Pope says it's OK to spank kids, if their dignity is kept

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Vatican City, Feb 6: Pope Francis says it's OK to spank your children to discipline them - as long as their dignity is maintained.

Francis made the remarks this week during his weekly general audience, which was devoted to the role of fathers in the family.

Pope

Francis outlined the traits of a good father: one who forgives but is able to "correct with firmness" while not discouraging the child.

"One time, I heard a father in a meeting with married couples say 'I sometimes have to smack my children a bit, but never in the face so as to not humiliate them'," Francis said.

"How beautiful!" Francis remarked. "He knows the sense of dignity! He has to punish them but does it justly and moves on." The Rev.

Thomas Rosica, who collaborates with the Vatican press office, said the pope was obviously not speaking about committing violence or cruelty against a child but rather about "helping someone to grow and mature".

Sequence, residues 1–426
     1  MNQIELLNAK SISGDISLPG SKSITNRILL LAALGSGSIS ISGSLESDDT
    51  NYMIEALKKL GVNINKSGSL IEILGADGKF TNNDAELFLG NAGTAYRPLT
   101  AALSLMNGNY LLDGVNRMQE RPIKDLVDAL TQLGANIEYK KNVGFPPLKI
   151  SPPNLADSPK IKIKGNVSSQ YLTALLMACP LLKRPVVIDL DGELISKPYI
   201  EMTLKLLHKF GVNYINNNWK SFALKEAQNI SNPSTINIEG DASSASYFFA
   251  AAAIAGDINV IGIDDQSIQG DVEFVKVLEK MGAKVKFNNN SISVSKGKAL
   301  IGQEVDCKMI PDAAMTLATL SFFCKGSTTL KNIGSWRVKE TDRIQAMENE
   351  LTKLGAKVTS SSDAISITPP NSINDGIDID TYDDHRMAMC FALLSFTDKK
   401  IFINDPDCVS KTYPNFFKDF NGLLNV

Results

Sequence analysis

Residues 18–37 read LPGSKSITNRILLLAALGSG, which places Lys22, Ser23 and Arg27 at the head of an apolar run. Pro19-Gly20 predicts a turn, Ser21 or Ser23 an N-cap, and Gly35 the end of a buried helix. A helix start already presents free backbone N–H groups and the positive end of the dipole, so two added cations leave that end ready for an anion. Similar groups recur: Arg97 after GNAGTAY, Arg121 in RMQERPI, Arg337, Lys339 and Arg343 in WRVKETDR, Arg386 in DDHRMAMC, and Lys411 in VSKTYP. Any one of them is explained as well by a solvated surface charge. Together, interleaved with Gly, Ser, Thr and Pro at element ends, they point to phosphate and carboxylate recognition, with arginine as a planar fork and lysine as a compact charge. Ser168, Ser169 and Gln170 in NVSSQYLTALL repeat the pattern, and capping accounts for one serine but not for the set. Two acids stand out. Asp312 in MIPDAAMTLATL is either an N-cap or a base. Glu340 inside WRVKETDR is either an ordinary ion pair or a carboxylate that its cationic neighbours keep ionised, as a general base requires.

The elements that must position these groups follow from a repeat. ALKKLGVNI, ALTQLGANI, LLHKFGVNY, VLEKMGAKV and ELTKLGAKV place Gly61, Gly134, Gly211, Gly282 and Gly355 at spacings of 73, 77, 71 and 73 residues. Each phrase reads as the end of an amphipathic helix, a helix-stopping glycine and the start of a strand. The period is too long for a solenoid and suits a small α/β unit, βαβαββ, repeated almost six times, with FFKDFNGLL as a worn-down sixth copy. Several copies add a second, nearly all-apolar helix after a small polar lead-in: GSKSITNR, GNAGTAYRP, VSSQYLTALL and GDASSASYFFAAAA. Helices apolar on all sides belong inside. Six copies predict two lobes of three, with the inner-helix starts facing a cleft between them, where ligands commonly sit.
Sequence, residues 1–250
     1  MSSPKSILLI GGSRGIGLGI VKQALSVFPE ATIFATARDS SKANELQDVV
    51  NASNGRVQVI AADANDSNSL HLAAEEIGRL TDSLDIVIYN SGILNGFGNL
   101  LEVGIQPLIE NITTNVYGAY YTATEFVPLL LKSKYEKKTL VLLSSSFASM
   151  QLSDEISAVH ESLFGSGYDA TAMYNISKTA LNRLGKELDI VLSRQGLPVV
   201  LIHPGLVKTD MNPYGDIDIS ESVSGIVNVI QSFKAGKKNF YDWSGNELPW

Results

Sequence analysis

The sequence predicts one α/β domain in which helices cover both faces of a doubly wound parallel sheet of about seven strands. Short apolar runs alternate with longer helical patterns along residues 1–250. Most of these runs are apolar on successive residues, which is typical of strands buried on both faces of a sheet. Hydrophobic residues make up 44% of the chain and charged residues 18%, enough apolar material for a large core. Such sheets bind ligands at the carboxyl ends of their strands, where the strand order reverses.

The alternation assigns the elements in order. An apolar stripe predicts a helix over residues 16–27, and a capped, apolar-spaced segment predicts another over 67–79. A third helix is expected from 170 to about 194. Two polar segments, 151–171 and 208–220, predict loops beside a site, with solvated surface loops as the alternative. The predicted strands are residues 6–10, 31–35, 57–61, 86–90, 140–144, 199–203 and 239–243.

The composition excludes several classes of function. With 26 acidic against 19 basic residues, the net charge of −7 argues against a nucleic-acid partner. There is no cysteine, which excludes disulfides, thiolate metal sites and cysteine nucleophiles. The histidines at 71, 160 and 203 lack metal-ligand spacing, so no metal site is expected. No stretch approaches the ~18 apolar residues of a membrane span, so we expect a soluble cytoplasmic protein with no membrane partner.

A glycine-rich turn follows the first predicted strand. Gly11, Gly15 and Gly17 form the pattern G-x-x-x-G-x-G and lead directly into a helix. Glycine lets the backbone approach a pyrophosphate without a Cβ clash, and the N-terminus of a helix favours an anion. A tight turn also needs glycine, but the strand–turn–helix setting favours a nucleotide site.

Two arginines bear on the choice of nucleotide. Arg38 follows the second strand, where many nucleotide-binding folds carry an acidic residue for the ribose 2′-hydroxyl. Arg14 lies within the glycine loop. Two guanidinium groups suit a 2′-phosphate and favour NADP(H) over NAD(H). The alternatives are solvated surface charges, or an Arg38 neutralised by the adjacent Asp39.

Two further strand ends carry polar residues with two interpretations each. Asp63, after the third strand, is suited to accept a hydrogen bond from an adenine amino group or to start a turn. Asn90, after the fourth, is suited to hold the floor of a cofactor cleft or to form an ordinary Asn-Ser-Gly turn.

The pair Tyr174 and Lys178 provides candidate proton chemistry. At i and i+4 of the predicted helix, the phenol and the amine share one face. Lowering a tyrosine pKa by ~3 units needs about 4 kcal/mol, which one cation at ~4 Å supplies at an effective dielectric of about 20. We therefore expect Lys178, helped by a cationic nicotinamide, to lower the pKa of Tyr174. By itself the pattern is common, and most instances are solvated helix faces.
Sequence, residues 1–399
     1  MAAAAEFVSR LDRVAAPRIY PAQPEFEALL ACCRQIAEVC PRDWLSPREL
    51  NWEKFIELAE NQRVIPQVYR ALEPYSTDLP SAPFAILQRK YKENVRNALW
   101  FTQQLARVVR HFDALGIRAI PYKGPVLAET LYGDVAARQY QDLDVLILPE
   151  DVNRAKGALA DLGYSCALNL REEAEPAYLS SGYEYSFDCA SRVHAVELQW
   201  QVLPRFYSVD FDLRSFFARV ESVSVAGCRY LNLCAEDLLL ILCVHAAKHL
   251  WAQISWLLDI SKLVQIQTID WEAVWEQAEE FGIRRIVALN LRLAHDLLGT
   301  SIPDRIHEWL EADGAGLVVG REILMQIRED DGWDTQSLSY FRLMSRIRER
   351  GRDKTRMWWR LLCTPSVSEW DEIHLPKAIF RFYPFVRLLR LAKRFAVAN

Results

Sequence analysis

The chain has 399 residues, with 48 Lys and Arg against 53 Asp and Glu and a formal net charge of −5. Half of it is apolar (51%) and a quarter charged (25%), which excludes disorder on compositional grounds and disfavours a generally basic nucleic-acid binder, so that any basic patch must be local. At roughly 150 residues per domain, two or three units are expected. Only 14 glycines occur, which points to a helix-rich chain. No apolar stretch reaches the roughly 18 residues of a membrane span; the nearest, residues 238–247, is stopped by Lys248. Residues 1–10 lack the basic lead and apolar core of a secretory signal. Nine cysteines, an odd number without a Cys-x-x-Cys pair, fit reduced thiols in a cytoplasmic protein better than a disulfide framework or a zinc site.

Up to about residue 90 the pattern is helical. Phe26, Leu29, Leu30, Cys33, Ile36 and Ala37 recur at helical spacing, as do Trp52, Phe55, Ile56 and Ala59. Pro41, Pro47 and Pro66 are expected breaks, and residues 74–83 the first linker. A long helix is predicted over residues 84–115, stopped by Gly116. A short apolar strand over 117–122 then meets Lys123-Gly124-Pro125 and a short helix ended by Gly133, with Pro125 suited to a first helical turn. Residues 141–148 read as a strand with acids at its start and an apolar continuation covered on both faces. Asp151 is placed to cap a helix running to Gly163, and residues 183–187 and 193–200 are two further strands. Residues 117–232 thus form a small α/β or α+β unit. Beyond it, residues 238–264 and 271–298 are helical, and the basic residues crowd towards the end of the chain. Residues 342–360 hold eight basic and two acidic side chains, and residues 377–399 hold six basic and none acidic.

"Who has not disciplined their child or been disciplined by parents when we are growing up?" Rosica said in an email.

"Simply watch Pope Francis when he is with children and let the images and gestures speak for themselves! To infer or distort anything else... reveals a greater problem for those who don't seem to understand a pope who has ushered in a revolution of normalcy of simple speech and plain gesture."

The Catholic Church's position on corporal punishment came under sharp criticism last year during a grilling by members of a UN human rights committee monitoring implementation of the UN treaty on the rights of the child.

In its final report, the committee members reminded the Holy See that the treaty explicitly requires signatories to take all measures, including legislative and educational, to protect children from all forms of physical or mental violence - including while in the care of parents.

It recommended that the Holy See amend its own laws to specifically prohibit corporal punishment of children, including within the family, and to create ways to enforce that ban in Catholic schools and institutions around the globe.

The recommendations were prompted by reports to the committee of widespread physical abuse and use of corporal punishment in Catholic-run schools and institutions, particularly in Ireland, that committee members said had reached "endemic levels".

AP

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